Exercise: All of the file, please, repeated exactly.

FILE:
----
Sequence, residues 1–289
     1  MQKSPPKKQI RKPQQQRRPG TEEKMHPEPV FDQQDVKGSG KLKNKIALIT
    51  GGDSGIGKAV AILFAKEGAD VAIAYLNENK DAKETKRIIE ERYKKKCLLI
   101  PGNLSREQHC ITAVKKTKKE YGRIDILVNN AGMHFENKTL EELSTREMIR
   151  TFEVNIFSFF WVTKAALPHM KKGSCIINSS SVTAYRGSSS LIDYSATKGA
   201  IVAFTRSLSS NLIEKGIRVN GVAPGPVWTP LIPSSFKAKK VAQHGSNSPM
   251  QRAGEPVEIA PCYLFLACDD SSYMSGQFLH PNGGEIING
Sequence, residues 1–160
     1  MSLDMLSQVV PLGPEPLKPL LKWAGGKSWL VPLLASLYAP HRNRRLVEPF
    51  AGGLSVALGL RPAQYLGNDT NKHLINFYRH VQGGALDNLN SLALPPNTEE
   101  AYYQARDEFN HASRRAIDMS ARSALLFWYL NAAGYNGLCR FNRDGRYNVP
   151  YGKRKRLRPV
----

Sequence, residues 1–289
     1  MQKSPPKKQI RKPQQQRRPG TEEKMHPEPV FDQQDVKGSG KLKNKIALIT
    51  GGDSGIGKAV AILFAKEGAD VAIAYLNENK DAKETKRIIE ERYKKKCLLI
   101  PGNLSREQHC ITAVKKTKKE YGRIDILVNN AGMHFENKTL EELSTREMIR
   151  TFEVNIFSFF WVTKAALPHM KKGSCIINSS SVTAYRGSSS LIDYSATKGA
   201  IVAFTRSLSS NLIEKGIRVN GVAPGPVWTP LIPSSFKAKK VAQHGSNSPM
   251  QRAGEPVEIA PCYLFLACDD SSYMSGQFLH PNGGEIING
Sequence, residues 1–160
     1  MSLDMLSQVV PLGPEPLKPL LKWAGGKSWL VPLLASLYAP HRNRRLVEPF
    51  AGGLSVALGL RPAQYLGNDT NKHLINFYRH VQGGALDNLN SLALPPNTEE
   101  AYYQARDEFN HASRRAIDMS ARSALLFWYL NAAGYNGLCR FNRDGRYNVP
   151  YGKRKRLRPV